Freshman plays viola in National Symphony Orchestra program
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After walking into the Kennedy Center, the audience members sit down, close their eyes and allow the soothing sounds of the orchestra to fill their ears. Opening their eyes, most may be expecting to see a poised group of professional musicians with decades of experience, but instead, they see high school students.
Freshman Isabel Aronin plays the viola in the National Symphony Orchestra (NSO) Youth Fellowship Program. The fellowship, established in 1980, is a training program for serious and dedicated high school students in the D.C. area who want the opportunity to play in an orchestra. This year, 39 people auditioned and only nine got in.
Once accepted into the full-scholarship program, it provides vast opportunities. Students study with a professional NSO musician, participate in Chamber Music coachings, rehearse with the NSO, watch NSO rehearsals, take part in classes and discussions and perform on the Millennium Stage at the Kennedy Center at least twice a year.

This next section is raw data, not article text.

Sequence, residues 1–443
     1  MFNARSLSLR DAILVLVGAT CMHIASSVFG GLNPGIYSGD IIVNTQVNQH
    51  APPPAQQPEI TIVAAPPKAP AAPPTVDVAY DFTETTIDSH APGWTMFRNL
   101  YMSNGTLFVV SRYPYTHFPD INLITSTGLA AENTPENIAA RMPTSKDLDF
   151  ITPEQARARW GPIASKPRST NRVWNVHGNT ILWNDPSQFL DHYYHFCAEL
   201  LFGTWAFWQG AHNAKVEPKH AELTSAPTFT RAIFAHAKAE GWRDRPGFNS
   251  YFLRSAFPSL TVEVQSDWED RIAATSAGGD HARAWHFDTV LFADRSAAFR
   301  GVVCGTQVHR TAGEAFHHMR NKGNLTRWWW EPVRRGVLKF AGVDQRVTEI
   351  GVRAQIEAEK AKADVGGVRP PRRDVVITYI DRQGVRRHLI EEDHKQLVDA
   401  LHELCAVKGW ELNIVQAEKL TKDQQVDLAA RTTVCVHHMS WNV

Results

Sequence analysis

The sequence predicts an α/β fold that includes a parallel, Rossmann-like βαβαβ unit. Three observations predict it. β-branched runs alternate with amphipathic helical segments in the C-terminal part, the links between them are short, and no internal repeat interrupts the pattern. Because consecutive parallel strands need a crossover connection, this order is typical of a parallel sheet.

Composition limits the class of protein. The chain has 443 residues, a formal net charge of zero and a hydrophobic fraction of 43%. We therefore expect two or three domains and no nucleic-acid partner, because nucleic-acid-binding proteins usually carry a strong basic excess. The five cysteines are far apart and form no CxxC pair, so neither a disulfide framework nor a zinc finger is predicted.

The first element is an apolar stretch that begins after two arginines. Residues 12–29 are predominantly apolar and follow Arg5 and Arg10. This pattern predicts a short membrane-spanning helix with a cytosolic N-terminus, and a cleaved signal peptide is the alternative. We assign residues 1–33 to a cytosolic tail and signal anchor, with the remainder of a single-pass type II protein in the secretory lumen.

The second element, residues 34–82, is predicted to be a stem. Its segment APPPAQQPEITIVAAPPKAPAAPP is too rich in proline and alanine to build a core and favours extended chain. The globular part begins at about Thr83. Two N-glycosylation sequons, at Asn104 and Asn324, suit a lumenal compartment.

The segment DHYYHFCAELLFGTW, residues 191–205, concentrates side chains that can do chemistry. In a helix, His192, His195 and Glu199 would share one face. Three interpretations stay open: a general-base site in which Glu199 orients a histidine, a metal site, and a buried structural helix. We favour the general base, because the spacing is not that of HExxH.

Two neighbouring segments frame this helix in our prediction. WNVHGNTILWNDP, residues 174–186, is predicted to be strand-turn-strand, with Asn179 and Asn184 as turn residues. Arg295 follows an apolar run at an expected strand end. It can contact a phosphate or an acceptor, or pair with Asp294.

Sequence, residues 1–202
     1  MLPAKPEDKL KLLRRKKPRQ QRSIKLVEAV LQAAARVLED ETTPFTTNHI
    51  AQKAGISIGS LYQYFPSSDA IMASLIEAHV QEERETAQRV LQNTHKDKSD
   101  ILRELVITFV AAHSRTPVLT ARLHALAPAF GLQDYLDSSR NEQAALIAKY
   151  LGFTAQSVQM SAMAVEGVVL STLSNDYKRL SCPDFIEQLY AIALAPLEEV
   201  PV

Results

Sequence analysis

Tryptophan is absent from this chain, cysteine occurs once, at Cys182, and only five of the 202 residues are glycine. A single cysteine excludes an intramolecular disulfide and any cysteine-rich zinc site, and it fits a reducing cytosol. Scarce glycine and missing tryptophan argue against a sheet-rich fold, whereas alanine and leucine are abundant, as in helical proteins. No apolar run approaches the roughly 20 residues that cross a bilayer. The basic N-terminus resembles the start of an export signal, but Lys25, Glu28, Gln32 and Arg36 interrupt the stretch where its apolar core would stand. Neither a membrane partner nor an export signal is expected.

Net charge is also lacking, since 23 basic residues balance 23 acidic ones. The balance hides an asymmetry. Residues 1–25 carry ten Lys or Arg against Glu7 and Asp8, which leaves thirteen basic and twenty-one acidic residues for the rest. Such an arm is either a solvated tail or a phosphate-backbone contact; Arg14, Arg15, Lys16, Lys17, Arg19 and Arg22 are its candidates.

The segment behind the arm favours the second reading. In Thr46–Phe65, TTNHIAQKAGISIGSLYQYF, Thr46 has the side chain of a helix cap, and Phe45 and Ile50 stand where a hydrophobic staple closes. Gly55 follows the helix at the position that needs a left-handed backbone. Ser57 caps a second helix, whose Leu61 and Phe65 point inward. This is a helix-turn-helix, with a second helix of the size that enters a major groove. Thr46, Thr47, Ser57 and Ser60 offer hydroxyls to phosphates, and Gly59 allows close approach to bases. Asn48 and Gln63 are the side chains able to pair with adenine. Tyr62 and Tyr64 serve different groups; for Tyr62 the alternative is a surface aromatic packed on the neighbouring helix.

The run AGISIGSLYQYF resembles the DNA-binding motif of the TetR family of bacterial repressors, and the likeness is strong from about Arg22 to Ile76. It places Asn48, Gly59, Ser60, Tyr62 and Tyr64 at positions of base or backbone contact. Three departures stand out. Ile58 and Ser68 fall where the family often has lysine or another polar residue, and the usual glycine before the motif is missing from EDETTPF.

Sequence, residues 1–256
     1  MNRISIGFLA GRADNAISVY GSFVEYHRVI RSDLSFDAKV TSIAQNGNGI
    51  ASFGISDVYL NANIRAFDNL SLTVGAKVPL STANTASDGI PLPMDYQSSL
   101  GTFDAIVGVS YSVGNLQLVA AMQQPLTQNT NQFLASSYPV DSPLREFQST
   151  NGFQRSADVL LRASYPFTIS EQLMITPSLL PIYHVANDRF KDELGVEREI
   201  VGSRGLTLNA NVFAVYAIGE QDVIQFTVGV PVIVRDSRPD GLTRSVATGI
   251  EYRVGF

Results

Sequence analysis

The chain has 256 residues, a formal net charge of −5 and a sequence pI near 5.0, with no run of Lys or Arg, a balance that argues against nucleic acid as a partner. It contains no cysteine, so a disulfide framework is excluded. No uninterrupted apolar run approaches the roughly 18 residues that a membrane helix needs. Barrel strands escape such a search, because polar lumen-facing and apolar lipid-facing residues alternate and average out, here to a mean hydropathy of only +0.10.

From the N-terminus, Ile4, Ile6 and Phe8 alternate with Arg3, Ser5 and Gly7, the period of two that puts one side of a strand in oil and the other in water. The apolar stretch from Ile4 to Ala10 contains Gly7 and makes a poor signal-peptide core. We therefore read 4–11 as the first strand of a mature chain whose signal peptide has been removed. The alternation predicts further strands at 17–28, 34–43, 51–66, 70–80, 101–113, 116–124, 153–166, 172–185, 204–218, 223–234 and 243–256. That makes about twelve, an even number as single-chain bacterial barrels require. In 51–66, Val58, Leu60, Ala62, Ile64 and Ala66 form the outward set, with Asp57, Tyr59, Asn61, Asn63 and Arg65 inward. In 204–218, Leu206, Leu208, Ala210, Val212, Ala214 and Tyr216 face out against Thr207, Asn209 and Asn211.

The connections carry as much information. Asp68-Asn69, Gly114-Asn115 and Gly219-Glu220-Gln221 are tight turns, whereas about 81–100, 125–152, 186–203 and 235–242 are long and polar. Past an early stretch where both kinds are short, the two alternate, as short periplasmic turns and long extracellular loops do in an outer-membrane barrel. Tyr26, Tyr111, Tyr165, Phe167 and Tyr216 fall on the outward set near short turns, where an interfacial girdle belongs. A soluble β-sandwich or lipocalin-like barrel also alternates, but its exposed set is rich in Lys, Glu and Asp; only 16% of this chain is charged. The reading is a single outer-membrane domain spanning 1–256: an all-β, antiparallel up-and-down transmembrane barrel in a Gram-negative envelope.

“We have already met five world famous musicians just this year, and there are still more to come,” Aronin said. “When I say met, I mean we get to have a real conversation with them, when others not in the program only get the chance to briefly speak to them after a concert.”
In addition to meeting well-known performers, the fellowship members meet and play alongside other young musicians like themselves.
“I’ve made such good friends through this program, and it’s great knowing they’re in the same boat as you,” Stone Ridge freshman Piper Suk said. “They don’t tell you when you first apply that you’ll make amazing friends who share the same passion as you, something that is difficult in high school.”
Emily Heckel, the manager of NSO and music education at the Kennedy Center, emphasized that the NSO youth fellowship is a large time commitment.
“The goal of the program is to encourage students to become professional musicians,” Heckel said. “The students are musically curious, ambitious and hardworking.”
Participants value the various experiences offered to them in the fellowship, but also take advantage of the many doors opened for them after the program. Aronin said she was shocked to hear how many alumni moved on to be in national orchestras.
“I love playing the viola and I have no idea what I would do without music in my life,” Aronin said. “This program is opening up so many doors for me that I probably would not have without it.”
Click the link below to watch one of Aronin’s performances at the Kennedy Center on Feb. 16: